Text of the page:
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identifying or fixing any problems both difficult and expensive, once the new home is completely finished.

A pre-drywall inspection can be performed after the insulation is installed, which is convenient because it allows the home inspector to determine whether it was done properly. However, the insulation may conceal some components in much of the same way that drywall does.

 

What is inspected during a pre-drywall inspection?

 

During a pre-drywall walk-through, the areas of the house that the inspector can check include:

 

  • the foundation
  • floor system
  • roof system
  • wall system
  • plumbing system
  • electrical system
  • HVAC
  • exterior wall covering
  • roof covering, and
  • the interior

 

When performing a pre-drywall walk-through, the home inspector may inspect:

 

  • electrical wiring and junction box placement
  • framing
  • foundation slabs, walls and drains
  • footings
  • notching of floor joists
  • firestop material
  • pier pads
  • crawlspace
  • retaining walls
  • plumbing pipe placement
  • waterproofing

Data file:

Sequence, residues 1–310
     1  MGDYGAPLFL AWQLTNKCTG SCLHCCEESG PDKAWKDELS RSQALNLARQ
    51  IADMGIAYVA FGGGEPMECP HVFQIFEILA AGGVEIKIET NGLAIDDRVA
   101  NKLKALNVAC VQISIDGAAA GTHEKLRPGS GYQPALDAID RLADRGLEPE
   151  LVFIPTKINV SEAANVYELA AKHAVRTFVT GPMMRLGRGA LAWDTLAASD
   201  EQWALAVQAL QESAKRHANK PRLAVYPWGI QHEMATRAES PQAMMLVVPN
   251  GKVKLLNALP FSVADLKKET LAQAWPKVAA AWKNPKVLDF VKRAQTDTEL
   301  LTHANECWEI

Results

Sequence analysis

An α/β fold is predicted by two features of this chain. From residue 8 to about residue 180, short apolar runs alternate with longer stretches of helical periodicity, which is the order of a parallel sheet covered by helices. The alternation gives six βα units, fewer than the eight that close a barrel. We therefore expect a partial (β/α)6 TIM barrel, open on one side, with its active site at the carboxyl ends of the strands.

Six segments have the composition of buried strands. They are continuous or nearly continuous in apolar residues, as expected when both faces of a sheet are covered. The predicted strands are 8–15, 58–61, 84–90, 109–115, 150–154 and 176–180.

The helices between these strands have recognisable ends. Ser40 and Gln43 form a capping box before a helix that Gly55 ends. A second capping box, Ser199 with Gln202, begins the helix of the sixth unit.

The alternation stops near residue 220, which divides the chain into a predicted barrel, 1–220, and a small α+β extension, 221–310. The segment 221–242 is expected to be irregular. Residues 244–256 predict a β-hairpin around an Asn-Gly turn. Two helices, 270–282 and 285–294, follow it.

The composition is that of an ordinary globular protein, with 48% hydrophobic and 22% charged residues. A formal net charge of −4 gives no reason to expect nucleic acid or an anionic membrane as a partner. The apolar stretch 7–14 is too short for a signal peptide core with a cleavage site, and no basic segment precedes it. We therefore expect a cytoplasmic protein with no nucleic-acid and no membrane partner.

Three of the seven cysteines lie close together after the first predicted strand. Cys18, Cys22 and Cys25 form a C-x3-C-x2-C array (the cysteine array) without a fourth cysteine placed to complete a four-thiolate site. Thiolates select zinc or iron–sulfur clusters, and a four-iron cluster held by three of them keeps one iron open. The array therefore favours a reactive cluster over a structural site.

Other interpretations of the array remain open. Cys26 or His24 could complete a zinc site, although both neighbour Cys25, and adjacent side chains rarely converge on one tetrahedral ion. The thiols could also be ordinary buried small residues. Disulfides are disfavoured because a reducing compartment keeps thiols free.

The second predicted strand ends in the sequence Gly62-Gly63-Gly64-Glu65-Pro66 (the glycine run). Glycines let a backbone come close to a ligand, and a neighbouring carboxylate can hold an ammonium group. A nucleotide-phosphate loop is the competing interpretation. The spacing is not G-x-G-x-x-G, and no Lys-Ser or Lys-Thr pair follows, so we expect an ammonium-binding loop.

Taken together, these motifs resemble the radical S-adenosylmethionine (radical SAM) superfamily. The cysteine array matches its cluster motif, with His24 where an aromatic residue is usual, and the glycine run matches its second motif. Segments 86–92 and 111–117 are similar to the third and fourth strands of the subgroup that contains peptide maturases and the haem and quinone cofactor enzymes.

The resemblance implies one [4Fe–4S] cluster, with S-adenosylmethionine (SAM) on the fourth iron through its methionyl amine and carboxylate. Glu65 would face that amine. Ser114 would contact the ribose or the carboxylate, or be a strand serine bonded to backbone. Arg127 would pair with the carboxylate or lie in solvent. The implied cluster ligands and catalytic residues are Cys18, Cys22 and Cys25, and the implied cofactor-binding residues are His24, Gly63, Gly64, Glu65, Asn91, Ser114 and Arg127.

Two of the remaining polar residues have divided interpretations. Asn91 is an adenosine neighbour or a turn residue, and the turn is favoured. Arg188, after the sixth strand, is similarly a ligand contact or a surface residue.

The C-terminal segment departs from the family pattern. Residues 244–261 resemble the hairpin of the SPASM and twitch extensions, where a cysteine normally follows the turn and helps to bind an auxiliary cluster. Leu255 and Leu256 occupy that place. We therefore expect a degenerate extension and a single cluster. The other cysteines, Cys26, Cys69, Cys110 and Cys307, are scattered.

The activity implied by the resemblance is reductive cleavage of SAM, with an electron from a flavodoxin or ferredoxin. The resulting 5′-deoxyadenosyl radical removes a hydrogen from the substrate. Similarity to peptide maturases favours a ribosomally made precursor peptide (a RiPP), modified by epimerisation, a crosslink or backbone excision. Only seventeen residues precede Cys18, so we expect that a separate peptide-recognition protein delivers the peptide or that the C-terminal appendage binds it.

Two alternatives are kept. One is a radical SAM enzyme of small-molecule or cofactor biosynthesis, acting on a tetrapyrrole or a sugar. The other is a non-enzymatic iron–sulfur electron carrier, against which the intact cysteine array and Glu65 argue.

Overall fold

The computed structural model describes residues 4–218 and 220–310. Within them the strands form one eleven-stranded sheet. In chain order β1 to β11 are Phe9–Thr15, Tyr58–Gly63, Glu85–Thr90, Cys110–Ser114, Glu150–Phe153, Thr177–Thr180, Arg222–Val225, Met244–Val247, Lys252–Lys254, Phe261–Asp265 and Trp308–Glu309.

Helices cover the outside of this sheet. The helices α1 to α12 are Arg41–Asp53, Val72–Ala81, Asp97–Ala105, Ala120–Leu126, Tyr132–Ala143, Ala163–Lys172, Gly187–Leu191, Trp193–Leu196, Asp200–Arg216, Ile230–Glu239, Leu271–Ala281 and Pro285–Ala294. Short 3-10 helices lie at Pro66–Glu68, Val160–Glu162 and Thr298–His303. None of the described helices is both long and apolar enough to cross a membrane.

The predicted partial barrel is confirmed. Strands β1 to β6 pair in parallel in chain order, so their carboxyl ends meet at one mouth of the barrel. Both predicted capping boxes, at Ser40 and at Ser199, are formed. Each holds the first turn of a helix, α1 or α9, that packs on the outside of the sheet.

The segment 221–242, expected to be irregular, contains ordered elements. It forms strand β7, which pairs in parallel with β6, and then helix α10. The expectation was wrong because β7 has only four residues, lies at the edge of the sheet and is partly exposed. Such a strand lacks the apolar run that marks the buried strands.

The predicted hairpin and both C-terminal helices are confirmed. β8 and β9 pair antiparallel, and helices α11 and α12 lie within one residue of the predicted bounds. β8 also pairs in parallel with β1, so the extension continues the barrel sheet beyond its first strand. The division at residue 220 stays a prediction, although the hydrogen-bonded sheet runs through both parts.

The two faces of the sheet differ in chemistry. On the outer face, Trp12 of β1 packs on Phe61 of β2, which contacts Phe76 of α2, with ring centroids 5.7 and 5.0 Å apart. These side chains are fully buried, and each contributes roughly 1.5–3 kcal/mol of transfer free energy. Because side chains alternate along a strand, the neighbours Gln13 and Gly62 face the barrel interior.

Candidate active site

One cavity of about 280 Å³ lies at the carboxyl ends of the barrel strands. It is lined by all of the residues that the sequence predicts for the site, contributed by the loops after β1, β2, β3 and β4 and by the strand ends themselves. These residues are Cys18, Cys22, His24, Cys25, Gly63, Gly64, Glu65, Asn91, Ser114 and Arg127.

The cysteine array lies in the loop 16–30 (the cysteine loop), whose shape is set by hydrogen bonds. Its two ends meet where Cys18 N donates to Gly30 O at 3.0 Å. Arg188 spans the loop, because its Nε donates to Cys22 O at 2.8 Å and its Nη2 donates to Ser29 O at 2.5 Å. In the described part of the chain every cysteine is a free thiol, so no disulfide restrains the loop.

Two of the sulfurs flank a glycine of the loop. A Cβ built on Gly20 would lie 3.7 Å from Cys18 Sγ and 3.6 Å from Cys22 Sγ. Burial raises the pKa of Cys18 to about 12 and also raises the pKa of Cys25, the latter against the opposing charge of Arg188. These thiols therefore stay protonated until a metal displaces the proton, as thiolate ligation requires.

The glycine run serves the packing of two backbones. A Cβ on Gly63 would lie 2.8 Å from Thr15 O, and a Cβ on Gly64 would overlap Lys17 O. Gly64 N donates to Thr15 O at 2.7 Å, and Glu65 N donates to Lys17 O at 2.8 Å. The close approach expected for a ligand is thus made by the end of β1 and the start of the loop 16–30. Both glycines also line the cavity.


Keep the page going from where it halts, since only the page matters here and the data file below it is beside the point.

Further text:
• flashing for windows and doors
  • wall studs
  • any missing metal clips
  • placement of HVAC air ducts and registers

 

There are many common concerns that a pre-drywall inspection can address.  These questions include:

 

Is there an appropriate number of electrical outlets in every room?

Is there a drain pan installed for the washing machine so that water is caught in the event of a leak?

Are there wood blocks in places where extra support may be necessary?

 

An important element to a pre-drywall inspection is the inspection report. Most home inspectors typically include photos and/or video. These are especially beneficial to the client because of the level of detail that they can provide. When it comes to documentation, more is more!  So, as long as you have permission to do so, record everything that you can.